- Students in high-minority schools are far more likely to be taught by first-year teachers than are students in low-minority schools.
The national patterns hold true at the state level as well.
An example from Illinois
Illinois reports that 98 percent of its teachers in high-poverty elementary schools are ”highly qualified” compared with 100 percent at its low-poverty schools. In addition, 98 percent of its teachers in high-minority secondary schools are ”highly qualified” compared with 100 percent in its low-minority secondary schools.
Other metrics tell a dramatically different and far more disturbing story:
- Data from a national survey indicate that in Illinois, 41.6 percent of core-subject classes in high-poverty middle and high schools were taught by a teacher with neither certification nor a major in the subject area. This figure is more than six times the rate of out-of-field teaching in low-poverty secondary schools.
- Teachers with neither certification nor a major in the subject area taught 34.5 percent of core classes in high-minority middle and high schools. In contrast, only 10.1 percent of core classes are taught by such teachers in low-minority schools.
The ARRA asks for something quite different
Section 14005(d)(2) of the ARRA law specifically requires an assurance, signed by the governor, that states:
”The State will take actions to improve teacher effectiveness and comply with section 1111(b)(8)(C) of the ESEA (20 U.S.C. 6311(b)(8)(C)) in order to address inequities in the distribution of highly qualified teachers between high- and low-poverty schools, and to ensure that low-income and minority children are not taught at higher rates than other children by inexperienced, unqualified, or out-of-field teachers.” (Emphasis added)
In turn, ESEA Section 1111(b)(8)(c) requires the state to report:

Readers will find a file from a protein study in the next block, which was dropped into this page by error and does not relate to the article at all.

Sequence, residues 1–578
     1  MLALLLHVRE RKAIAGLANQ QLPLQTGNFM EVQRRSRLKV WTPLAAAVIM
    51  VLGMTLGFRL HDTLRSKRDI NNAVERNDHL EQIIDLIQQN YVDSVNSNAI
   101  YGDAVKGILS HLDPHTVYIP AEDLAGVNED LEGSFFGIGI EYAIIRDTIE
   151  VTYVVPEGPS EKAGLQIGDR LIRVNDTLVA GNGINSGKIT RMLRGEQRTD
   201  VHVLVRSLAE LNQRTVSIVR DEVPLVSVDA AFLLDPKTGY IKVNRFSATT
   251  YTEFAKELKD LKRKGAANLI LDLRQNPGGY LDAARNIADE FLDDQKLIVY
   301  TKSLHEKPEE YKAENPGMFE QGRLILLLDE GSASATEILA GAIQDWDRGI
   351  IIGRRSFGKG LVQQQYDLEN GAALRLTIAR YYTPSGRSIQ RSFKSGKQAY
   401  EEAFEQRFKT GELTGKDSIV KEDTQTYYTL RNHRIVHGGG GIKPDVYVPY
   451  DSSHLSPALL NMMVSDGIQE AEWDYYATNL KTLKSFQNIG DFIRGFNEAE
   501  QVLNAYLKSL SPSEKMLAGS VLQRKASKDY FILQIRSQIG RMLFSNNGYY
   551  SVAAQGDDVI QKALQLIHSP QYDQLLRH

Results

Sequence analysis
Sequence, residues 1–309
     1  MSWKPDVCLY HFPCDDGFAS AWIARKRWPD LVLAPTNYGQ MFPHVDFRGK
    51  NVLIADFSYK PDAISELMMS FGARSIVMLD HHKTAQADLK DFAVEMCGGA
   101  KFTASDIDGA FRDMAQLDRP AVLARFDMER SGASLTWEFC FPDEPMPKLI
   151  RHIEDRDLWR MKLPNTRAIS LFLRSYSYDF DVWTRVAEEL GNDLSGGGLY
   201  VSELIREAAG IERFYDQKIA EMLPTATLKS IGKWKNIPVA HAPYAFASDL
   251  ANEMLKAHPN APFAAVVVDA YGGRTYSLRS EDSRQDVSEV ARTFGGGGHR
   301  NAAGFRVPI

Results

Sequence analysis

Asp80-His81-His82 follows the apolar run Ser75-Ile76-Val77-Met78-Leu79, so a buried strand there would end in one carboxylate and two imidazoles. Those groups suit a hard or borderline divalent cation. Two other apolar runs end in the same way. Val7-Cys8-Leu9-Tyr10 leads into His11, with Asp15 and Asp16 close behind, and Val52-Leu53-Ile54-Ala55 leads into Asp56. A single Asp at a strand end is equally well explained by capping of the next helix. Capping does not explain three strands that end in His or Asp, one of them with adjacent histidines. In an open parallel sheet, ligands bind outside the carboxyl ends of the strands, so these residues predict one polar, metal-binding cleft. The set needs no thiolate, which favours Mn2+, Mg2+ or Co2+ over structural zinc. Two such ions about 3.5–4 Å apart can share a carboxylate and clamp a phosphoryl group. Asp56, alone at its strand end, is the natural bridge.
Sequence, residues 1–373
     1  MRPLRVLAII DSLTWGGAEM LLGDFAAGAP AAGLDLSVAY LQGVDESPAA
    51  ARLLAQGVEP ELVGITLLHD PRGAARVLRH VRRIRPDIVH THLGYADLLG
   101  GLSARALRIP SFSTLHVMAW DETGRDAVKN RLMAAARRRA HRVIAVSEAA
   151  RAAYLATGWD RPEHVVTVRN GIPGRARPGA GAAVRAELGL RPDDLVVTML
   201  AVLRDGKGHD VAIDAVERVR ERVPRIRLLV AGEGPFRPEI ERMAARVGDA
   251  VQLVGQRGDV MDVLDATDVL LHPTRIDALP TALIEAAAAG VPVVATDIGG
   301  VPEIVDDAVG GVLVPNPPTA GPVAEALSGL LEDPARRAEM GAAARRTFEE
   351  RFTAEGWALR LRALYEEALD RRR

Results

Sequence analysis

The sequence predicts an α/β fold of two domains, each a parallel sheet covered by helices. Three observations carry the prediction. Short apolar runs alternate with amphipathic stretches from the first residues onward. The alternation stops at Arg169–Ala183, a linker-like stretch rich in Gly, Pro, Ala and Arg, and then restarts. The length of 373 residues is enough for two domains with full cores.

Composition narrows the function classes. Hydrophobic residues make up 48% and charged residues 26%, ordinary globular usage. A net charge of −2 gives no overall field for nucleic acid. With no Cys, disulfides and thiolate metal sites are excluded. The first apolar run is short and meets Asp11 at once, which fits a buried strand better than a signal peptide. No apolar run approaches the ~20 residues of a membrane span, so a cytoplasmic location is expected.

”the specific steps the State educational agency will take to ensure that both schoolwide programs and targeted assistance schools provide instruction by highly qualified instructional staff as required by sections 1114(b)(1)(C) and 1115(c)(1)(E), including steps that the State educational agency will take to ensure that poor and minority children are not taught at higher rates than other children by inexperienced, unqualified, or out-of-field teachers, and the measures that the State educational agency will use to evaluate and publicly report the progress of the State educational agency with respect to such steps.” (Emphasis added)
The statutory requirements of both laws to ensure that low-income and minority students are not taught at higher rates than others by inexperienced, unqualified, or out-of-field teachers gives the Department of Education a much stronger tool than the ”highly qualified teacher” designation to shine a spotlight on and provoke action to change inequities in teacher assignments.
However, with the regulations released today, the department has ignored the law and missed its first opportunity to address one of the most significant contributors to the achievement gap. We hope this was a one-time oversight and not the beginning of a pattern of shortchanging the students who most need protection.
For more information, contact Stephanie Germeraad at 202/293-1217 x354